Santa Cancels Baby Name Christmas
For the first time in its 23-year history, the new official list of most popular baby names in the US won’t be delivered on time by the Social Security Administration.
Instead of the usual Friday-before-Mother’s Day unveiling of last year’s most popular names, the SSA posted a message on its website reading: “Out of respect and honor for all people and families affected by the COVID-19 pandemic, the announcement of the 2019 most popular baby names is being rescheduled to a to-be-determined date.”
It’s like Santa canceled Christmas for baby name lovers. With the Social Security Office closed and work-at-home staffers overwhelmed administering government payments to US citizens impacted by the virus, we certainly understand the delay. But we can’t pretend not to be disappointed.
The announcement is Nameberry’s top news story of the year, and we spend weeks analyzing the ups and downs of baby name popularity to help parents make statistically-informed decisions about their name choices.
These days, that usually means avoiding names that have moved too far up the list too fast. Benjamin vaulted into the Top 10? No longer a finalist for the baby. Kylo has gone from quirky Star Wars fan name to hottest name of the year? Better keep looking.
Using the list as a too-popular name warning device makes sense as it was started in 1997 by SSA actuary Michael Shackleford, who set out to prove that there were too many Michaels in the world. Using Social Security records for births stretching back to the agency’s beginning, in 1880, he compiled the first-ever authoritative tally of baby name usage in the US.
Shackleford, whose career has since segued to Las Vegas where he is known as The Wizard of Odds, proved his point: the data showed that Michael was the most-used boys’ name for more than 40 years, starting in 1954. This hard evidence may have persuaded parents to move beyond Michael for their sons’ names, given that the name dropped to Number 2 in 1999 after the list’s appearance and has continued its downward slide.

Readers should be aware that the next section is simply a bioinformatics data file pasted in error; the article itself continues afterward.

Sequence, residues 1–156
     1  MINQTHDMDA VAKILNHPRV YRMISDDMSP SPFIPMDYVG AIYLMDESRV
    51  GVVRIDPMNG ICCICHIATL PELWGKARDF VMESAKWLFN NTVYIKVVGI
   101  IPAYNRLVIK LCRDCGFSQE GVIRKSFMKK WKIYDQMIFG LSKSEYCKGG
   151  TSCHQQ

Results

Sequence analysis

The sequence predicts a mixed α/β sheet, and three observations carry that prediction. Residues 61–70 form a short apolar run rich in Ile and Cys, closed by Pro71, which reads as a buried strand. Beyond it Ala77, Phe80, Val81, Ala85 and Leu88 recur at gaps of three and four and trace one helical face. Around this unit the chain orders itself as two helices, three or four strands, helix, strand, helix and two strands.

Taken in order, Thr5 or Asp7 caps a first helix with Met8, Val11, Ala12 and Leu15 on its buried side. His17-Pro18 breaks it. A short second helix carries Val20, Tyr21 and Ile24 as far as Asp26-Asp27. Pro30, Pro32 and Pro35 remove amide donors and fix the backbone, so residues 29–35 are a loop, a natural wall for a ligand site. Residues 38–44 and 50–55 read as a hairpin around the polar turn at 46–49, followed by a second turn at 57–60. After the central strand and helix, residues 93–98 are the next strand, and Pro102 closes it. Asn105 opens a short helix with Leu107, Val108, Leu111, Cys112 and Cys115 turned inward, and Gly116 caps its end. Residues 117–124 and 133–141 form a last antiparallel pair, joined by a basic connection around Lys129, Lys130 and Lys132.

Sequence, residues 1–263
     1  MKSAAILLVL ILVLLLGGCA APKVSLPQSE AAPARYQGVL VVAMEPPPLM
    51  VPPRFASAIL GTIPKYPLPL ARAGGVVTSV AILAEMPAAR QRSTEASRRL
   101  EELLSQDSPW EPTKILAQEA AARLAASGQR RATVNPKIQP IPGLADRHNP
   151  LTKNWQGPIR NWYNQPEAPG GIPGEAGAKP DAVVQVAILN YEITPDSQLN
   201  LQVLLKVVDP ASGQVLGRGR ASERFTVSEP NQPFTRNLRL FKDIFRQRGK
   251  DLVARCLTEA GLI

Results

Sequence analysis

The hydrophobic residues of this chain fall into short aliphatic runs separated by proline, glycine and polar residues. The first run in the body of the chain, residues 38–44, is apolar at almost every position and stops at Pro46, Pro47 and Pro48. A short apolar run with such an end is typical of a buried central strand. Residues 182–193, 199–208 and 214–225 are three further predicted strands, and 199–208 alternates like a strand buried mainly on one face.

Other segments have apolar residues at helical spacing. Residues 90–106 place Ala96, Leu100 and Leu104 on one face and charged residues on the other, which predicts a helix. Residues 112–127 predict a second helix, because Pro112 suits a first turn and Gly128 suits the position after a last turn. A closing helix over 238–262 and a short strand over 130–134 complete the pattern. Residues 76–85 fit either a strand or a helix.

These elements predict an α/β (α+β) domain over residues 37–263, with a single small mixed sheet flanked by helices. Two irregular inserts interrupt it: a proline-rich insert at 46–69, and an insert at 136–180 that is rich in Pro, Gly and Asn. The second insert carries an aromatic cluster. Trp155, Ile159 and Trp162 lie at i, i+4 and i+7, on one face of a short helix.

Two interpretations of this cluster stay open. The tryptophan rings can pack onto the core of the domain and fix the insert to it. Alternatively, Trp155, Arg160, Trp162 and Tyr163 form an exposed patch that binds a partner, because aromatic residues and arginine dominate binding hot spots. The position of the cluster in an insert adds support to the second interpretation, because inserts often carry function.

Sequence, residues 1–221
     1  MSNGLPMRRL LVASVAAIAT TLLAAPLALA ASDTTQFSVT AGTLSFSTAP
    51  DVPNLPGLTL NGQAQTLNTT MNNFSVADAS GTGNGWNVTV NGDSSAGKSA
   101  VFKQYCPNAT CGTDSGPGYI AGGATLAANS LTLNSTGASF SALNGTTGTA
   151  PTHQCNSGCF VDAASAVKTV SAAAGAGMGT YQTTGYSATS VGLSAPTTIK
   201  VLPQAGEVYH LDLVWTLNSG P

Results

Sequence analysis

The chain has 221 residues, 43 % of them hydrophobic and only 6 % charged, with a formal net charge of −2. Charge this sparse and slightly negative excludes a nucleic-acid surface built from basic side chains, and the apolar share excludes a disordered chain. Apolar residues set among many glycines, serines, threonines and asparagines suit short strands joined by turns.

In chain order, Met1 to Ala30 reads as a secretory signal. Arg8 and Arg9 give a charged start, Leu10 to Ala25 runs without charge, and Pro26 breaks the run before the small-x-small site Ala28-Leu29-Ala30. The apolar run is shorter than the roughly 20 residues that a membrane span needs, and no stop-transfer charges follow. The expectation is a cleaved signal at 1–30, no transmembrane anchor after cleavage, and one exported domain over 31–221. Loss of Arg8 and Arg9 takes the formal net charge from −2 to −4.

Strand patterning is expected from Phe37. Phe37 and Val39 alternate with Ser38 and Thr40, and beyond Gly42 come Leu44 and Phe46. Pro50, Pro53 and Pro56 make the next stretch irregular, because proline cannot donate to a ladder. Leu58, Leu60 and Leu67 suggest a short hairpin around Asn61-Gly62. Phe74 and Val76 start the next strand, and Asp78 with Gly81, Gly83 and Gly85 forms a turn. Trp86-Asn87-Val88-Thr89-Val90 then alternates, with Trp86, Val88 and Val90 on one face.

The, well, popularity of the popular names list has inspired the SSA to expand its data around names. The agency now includes information on the names that increased and decreased the most in popularity, the top names by state, and – for baby name professionals or truly obsessed parents-to-be — complete data on every name given to five or more babies from every year since 1880.
But not this year. Not yet.
We have to assume that, once we can venture out for professional haircuts and pizza dinners again, once we can hire babysitters and send our kids back to school, the Social Security Administration will get around to announcing the 2019 baby names data. Then parents will have hard information on which to base their baby naming choices.
Until then? If you definitely don’t want to give your baby the Number 1 name, you might want to stay away from Olivia.
About the Author
Subscribe to the Nameberry Newsletter
Exclusive Nameberry picks, direct to you.